If you are a fellow grown-up, can we just agree that middle school was the worst? Yeah? Great.
Well against all reason, I encourage you to step back into those loud, sweaty halls to experience the last week of eighth grade with Kayla Day in the film Eighth Grade. Kayla is shy, has a hard time making friends, and is on her phone ALL THE TIME. Kayla films advice videos for YouTube, telling her nonexistent audience to “be yourself” and “put yourself out there” and “be confident” even while she struggles to follow her own advice. She gets anxious in social situations. When her dad cajoles her into going to a classmate’s pool party, she nearly has a panic attack in the bathroom changing into her bathing suit.
But Kayla tries, and she not only jumps into the pool, she starts up a conversation with the “mean girl” host the following week at school. Kayla is thoughtful, and when tested, she sticks up for herself and makes good choices. Eighth Grade made me feel for Kayla, cringing as she tries to impress a boy she likes, and aching for her as she burns a box of her “hopes and dreams” from sixth grade. She just wants to have friends, and hasn’t learned yet that some people aren’t good friend material.
As the parent of an eighth grader, I saw my own kid in her. I rolled my eyes right back at Kayla, and I laughed in sympathy with her dad. This scene, as he drives her to mall, is just perfect:
Kayla: Can you not look like that please?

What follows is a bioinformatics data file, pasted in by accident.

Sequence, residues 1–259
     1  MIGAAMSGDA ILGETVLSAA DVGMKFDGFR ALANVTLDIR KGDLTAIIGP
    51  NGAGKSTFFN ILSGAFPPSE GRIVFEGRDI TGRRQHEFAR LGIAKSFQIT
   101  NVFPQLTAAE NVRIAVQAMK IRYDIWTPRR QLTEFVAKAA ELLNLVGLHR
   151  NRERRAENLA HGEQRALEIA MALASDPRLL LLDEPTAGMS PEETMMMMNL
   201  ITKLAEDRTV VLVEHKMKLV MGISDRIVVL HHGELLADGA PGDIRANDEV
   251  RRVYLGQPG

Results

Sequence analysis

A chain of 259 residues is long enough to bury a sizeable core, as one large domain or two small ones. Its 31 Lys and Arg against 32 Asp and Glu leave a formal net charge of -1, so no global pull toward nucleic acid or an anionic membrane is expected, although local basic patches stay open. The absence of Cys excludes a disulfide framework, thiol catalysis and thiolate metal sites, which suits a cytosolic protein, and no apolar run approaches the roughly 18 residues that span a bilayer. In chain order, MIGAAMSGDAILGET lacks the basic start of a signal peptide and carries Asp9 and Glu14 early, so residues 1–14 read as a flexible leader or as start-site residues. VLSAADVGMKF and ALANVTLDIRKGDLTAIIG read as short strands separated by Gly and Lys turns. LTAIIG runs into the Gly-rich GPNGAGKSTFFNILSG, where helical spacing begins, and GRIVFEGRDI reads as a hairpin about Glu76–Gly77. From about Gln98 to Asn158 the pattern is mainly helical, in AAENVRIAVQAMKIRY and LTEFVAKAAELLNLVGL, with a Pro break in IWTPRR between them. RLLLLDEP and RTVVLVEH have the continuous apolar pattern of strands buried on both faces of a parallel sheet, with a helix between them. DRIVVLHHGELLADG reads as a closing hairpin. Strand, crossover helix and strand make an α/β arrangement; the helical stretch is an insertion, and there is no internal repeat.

Dad: What? Like what?
Kayla: Just, like, the way you're looking.
Dad: Looking at the road?
Kayla: You can look at the road, Dad. I obviously didn't mean that. Just, like, don't be weird and quiet while you do it.
Dad: Sorry. Hey, how was the [high school] thing?
Kayla: No, you were being quiet, which is fine. Just, like, don't be weird and quiet 'cause, like, I look over at you, and I think you're about to drive us into a tree or something. And then I get really freaked out, and then I can't text my friend. So just, like, be quiet, and drive, and don't look weird and sad.
Um, ok? “This too shall pass” goes equally for parents and teens, I guess. While I wish I could give every anxious teen a hug and assure them that NO ONE has it all figured out by the end of eighth grade, some lessons kids just have to learn for themselves.
The film is rated R for language and some sexual situations. I did not watch it with my teen, but having seen it, the potentially objectionable content is probably nothing new to her. Seeing the film together might be uncomfortable, but it could also be a good way to start important conversations about self-respect, social media use, and expectations for behavior. That said, you can read more about the film at Common Sense Media, or pre-screen it (and think about what you want to say!) before viewing together.
Recommended for adults and possibly teens.
Clinton-Macomb Public Library